I received some strange results after typing the wrong column in a subselect using IN. I've been puzzling over it a while now and can't quite figure out why it is doing what it is.
Here's an example of what is happening.
select * from Customers where CustomerID in
( select CustomerID from Employees where 1 = 0 )
Now, there is no customerid on the Employees table, so running the subquery alone will produce an error. However when the full query above is run, all rows in the customer table are returned.
It was my understanding that the inner querry is evaluated first, and the results used by the outer query. I'm having a hard time seeing how this query is going anywhere.
the inner query knows about the presense of the outer query, while reverse is not true. so, when a reference is made to customerid the optimizer "knows" that you are referring to the field from customers table, not employees as you "really" think. got it?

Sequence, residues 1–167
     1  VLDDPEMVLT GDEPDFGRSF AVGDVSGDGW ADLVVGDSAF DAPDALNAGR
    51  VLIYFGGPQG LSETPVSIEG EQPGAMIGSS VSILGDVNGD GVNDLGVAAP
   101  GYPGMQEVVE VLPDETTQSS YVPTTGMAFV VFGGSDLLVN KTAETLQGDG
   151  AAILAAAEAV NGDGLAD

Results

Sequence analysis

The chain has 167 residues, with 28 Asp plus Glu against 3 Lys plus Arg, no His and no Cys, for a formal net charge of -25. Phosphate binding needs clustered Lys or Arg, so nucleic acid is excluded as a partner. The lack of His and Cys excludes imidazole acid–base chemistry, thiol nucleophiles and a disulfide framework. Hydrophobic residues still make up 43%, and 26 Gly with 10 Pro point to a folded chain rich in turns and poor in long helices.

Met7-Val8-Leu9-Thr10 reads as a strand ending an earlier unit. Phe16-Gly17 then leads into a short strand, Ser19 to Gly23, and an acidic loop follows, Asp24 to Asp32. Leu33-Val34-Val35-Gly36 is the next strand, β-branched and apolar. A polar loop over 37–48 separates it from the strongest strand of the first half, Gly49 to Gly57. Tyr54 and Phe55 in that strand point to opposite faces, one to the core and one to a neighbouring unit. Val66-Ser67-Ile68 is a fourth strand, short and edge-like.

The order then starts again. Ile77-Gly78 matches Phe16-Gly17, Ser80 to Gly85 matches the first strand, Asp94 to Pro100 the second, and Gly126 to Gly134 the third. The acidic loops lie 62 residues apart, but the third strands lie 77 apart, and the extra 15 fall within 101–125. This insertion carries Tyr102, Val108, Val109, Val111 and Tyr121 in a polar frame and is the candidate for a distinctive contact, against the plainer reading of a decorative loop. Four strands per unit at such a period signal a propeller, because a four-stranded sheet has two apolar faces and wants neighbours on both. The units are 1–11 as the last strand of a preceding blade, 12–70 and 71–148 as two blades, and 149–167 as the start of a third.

Thanks, I see how the results are being returned now but am a bit puzzled as to the why. Is this intended to operate this way? It seems more than a little bit dangerous... if I type something wrong I prefer to be told I've typed it wrong so I can correct it rather than have the QA decide what do do for me.
What is there not to understand? Inner query is well aware of the CustomerID field, even though you're selecting it from Employees! The optimizer does not care what your source table is. You want to select CustomerID, - fine, here it is, because it's in the outer query. To test the sanity, replace CustomerID with "anything" without quotes, and you'll get an error. What does that mean? It's not that the optimizer missed something, it's because it didn't! But the developer did, that's the key.